The 2nd semester project focuses on modelling and optimisation of a physical energy system, e.g. a power plant, cooling plant or industrial process system. The chosen system is to be modelled, analysed and optimised. The power plant should be simulated to achieve an optimum plant design. In the design of the plant analytical tools are to be applied, such as numerical optimisation, non-linear dynamical modelling or process integration. The semester project serves to give the students advanced knowledge of complex systems as well as modelling and optimisation techniques. The fundamental competences of thermodynamics and control engineering within these systems are established.
The project work should be based upon a thermal energy and process engineering system to which an optimisation, control- or diagnostic system is to be set up. First, the system is to be modelled, and different system identification methods can be applied to determine the parameters of the system. The system model is verified by simulations and data time series from either a real system or a laboratory set-up. Based on the model, the optimisation, control- or diagnostic system is set up to improve the performance of the system, with regard to power output, energy efficiency, life time extraction, fault detections, etc. The system is to be implemented and verified experimentally.
To practice scientific communication skills, the project result, or parts of it, must be published in an article written in English. This article is to be presented at an internal seminar (CES).
Courses are offered of which 10 ECTS are to be chosen. The courses may vary from year to year, depending on the number of students of the various specialisations, the on-going projects and research performed at the Department of Energy Technology. Further, courses from other universities might be used as electable courses. However, the following two courses are always available:
The Master's Thesis may study new subjects or be an extension of the project work of previous semesters. It will normally be carried out in collaboration with an industrial partner or an energy supply company assuming the character of industrial research or development work. Alternatively, it may support one or more research projects at the Department of Energy Technology, or another research facility assuming the character of research. Often, students write scientific papers reporting the work of their Master's Thesis. The project can be of either theoretical or experimental nature, or a combination of both. As courses are not normally offered on this semester, the entire semester is dedicated to the thesis work.
Example of a Master's Theses:
At the Department of Energy Technology, you will find a lot of well-equipped and modern test laboratories enabling you to carry out exciting laboratory experiments. These tests will verify the theoretical analysis, which you apply during the project work.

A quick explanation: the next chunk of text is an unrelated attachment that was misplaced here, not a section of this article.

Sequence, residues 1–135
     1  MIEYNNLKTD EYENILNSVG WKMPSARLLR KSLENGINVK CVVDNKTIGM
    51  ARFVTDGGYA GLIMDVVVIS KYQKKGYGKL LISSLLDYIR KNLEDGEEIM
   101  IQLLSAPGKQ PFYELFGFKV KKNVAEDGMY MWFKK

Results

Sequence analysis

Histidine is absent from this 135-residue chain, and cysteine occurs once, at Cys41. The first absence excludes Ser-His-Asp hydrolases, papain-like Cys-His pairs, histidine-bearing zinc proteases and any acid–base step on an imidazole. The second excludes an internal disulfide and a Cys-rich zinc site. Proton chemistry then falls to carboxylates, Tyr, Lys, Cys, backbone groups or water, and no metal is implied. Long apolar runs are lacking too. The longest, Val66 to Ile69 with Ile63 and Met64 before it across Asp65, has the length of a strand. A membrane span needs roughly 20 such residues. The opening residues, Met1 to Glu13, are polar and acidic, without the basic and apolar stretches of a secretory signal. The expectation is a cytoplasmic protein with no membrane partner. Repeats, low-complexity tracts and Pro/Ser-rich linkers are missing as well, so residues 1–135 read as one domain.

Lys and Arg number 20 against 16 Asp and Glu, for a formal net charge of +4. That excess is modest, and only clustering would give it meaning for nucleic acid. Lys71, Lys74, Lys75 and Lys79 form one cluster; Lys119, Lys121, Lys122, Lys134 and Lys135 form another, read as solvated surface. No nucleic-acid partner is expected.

The laboratories make it possible to perform realistic tests within the thermal area for instance with regard to combustion processes and flow systems, and they include advanced computer-based measurement and control facilities.
Furthermore, the majority of the project work is carried out in cooperation with the industry, giving you the possibility to do some of the project work in a company. The companies will come up with project proposals and provide equipment or data for the project work.
You only need to take one of these language tests:
Minimum required score:
The IELTS – or the International English Language Test System – tests your English-language abilities (writing, listening, speaking, and reading) on a scale of 1.00–9.00. The minimum IELTS score requirement refers to which Overall Band Score you received, which is your combined average score. Read more about IELTS.
Minimum required score:
The TOEFL – or Test OF English as a Foreign Language – offers a paper-based test (PBT). The final, overall PBT score ranges between 310 and 677, and is based on an average taken from the three test components (listening, structure, and reading). The writing part of this test is scored separately on a scale of 0-6. Read more about TOEFL (PBT).
Minimum required score:
The TOEFL – or Test Of English as a Foreign Language – offers an internet-based test (iBT). The final, overall iBT score ranges between 0 and 120, and includes a scaled average from the four components (reading, listening, speaking, and writing). Read more about TOEFL (iBT).
Admission to the MSc programme in Thermal Energy and Process Engineering presupposes a BSc degree in Thermal Energy Engineering, Combustion Technology, or similar.
Please make sure you send your application form and further documentation via post to the International Office by the required deadline.
Furthermore please note the official language requirements for international students applying to Aalborg University are:
The living costs include the total expenses per month, covering accommodation, public transportation, utilities (electricity, internet), books and groceries.
Check the programme website for information about funding options.
StudyPortals Tip: Students can search online for independent or external scholarships that can help fund their studies. Check the scholarships to see whether you are eligible to apply. Many scholarships are either merit-based or needs-based.